Out of the few options available, boy did we choose wrong. Dolphin Bay looked like a nice enough beach cafe for a few refreshing lassis mid-afternoon, but venture behind the counter and you'll find Shithole Bay. For only £3 a night we weren't expecting much and on first glance, the place looked reasonable - we'd certainly stayed in shadier looking places. We quickly agreed to stay four nights to bag ourselves an even cheaper deal, but after closer inspection, my skin started to crawl. The pillows looked like they'd just come out of the toilet from 'Trainspotting' and the local cows' toilet habits sure gave the place a unique smell. I later lost all hope of the other Dolphin Bay residents making our stay any better. Imagine try-hard hippies mixed with "gap yahhh" kids, mixed with Kevin and Perry Go Large. Yeah, it was looking pretty dire and I only thought it could get better... until I saw a mouse darting between beach huts. The exotic wildlife didn't end there, one morning I woke up to find a huge nest crawling with thousands and thousands of flies literally inches from my head. Which by the way, my loving boyfriend later admitted to seeing days before, but cleverly decided to keep it quiet until we'd got our butts out of there.

So, first impressions weren't the best and we'd messed up on the accommodation. It was safe to say I was silently dreading that we'd agreed to stay at Om Beach for more than two nights. Luckily, we'd heard Paradise Beach was only a soft 40 minutes walk along the coast...

"They said it was a walk, not mountain climbing!", said for the millionth time that morning whilst we both sweated buckets trying to find the best footholds up a small cliff. Thankfully, destination p a r a d i s e was just around the corner and from a distance, it really did look like Paradise. From a distance. After fighting our way past the goats and squirming at a Spanish guy living in the trees trying to start up a conversation with his man piece hanging out the bottom of his loincloth, we rounded the final corner to paradise. And again, we both ran head first into the wall of disappointed (and a heap of trash).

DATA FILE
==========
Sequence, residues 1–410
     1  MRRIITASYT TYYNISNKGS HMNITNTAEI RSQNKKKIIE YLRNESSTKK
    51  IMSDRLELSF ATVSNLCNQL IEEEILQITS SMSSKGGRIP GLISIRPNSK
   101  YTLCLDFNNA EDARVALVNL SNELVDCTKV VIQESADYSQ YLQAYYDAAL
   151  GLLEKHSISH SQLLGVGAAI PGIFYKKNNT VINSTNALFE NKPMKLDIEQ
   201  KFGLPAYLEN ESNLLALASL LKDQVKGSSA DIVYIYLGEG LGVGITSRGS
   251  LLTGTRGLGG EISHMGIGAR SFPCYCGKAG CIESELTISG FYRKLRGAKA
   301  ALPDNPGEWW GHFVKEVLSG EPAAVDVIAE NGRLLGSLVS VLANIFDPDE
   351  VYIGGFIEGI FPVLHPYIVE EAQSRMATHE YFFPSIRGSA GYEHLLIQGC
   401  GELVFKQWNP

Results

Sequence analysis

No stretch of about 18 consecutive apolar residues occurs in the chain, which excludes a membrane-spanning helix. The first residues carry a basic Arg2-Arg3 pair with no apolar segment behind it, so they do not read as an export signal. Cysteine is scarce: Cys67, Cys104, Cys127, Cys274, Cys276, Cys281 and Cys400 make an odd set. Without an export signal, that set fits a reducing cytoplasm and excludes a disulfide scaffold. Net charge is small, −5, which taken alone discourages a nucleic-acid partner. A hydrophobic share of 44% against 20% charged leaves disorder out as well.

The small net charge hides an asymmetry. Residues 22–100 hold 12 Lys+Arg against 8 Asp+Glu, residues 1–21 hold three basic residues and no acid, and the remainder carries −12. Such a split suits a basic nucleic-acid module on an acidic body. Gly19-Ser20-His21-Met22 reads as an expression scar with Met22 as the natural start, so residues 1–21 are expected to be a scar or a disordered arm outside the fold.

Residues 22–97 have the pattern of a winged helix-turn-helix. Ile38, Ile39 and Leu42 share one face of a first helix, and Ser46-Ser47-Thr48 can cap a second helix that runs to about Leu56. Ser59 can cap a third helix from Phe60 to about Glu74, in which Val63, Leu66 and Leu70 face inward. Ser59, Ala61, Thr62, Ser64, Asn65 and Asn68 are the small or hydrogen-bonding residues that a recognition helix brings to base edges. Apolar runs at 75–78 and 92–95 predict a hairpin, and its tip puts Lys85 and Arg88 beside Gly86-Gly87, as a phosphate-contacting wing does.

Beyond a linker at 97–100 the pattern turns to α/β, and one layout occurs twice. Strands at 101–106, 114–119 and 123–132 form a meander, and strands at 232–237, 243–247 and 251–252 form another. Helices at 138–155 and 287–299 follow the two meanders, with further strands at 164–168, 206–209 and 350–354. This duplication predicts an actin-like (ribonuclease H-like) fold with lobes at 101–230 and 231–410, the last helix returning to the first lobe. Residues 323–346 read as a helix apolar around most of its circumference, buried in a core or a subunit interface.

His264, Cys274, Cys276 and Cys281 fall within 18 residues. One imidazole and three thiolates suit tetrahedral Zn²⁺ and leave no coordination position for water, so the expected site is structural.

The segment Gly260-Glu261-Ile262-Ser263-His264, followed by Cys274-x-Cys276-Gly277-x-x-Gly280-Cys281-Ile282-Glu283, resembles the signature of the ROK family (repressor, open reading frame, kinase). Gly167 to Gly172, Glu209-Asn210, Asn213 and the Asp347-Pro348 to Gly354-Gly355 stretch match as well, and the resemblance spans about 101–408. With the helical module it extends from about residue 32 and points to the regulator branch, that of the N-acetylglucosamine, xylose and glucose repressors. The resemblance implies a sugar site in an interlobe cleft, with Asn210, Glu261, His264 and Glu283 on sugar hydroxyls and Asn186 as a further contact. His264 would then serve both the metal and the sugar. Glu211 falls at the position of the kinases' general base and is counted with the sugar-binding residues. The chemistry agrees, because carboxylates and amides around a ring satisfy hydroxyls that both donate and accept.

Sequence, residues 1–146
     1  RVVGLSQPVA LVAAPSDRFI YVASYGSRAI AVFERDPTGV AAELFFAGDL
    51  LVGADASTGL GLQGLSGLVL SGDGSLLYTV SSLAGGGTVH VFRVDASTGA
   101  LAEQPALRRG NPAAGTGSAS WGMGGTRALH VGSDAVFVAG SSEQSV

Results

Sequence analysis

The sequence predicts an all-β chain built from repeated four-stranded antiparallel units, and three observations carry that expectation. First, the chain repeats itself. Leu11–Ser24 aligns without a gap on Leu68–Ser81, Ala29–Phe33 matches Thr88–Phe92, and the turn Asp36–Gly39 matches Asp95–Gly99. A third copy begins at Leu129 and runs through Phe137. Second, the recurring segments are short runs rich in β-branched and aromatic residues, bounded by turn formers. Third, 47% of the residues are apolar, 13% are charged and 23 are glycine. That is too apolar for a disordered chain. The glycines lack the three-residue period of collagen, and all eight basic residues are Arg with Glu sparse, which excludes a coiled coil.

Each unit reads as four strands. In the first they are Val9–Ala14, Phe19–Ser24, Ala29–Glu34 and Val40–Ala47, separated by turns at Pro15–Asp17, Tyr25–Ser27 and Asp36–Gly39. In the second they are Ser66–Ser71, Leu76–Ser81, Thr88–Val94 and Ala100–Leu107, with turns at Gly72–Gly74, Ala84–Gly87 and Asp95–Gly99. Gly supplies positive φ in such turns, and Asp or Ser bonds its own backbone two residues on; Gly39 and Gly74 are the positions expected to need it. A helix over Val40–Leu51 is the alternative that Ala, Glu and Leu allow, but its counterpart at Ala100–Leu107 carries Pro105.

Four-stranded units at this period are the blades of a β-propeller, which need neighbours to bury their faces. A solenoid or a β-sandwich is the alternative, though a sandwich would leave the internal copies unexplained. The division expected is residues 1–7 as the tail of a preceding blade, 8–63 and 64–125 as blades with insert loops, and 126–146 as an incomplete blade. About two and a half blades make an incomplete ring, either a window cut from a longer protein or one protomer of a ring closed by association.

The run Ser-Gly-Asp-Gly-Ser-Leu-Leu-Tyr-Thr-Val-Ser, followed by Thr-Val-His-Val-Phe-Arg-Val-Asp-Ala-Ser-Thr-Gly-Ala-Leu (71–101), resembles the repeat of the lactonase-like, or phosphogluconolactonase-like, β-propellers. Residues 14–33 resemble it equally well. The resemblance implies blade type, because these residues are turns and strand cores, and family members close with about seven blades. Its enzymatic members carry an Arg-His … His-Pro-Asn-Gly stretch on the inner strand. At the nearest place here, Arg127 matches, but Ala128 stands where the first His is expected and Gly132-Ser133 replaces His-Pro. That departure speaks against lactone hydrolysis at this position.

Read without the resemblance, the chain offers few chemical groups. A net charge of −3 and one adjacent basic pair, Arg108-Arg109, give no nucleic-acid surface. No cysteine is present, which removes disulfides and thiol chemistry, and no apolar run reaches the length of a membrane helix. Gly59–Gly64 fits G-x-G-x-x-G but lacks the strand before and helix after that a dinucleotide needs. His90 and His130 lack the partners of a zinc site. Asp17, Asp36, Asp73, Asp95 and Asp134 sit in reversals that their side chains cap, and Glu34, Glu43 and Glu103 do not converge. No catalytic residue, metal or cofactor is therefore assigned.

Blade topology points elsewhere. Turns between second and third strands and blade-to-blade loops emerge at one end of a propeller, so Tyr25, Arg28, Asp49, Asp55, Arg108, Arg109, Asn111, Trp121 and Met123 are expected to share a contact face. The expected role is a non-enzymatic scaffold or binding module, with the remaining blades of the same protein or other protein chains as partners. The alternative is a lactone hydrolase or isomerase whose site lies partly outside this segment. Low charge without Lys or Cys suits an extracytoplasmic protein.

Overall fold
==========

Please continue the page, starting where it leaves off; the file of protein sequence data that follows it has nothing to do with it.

I wasn't expecting too much from the beaches in India but, c'mon. We were promised white sands, not piles of everyone else's litter and spliff butts. We were promised a deserted bay, not a hippie commune with stoners asleep in hammocks. We were promised a relaxing afternoon, not having to spend the short time we were there chasing away goats who wanted our beach towel for breakfast. Basically, it was not worth the 40-minute slog across the cliffs at any measure. The best bit was the graffiti across the abandoned and demolished concrete huts; "save the whales, do not litter". Hippies really do know how to be ironic.

We declined the extortionately priced boat ride back to Om Beach from a guy we'd seen earlier that day taking a dump in the ocean, and headed home to Shithole Bay with our tails between our legs.

You're probably thinking man, that must have been a shit week. Wrong. It has been one of my favourite weeks in India. Not just because looking back Spencer and I have had a lot to joke about, but because we met a great bunch of people. We played beach cricket with the locals (yes, I managed to hit the ball... And then fell flat on my face), we enjoyed our hiking and exploring (minus the goats), and we've learnt that travelling is about the people you meet, just as much as it is about the places you visit.

Most importantly, I've learnt to laugh in the face of disappointment and forget about any paradise beaches until we're across the Bay of Bengal!

How have you learnt to deal with disappointment?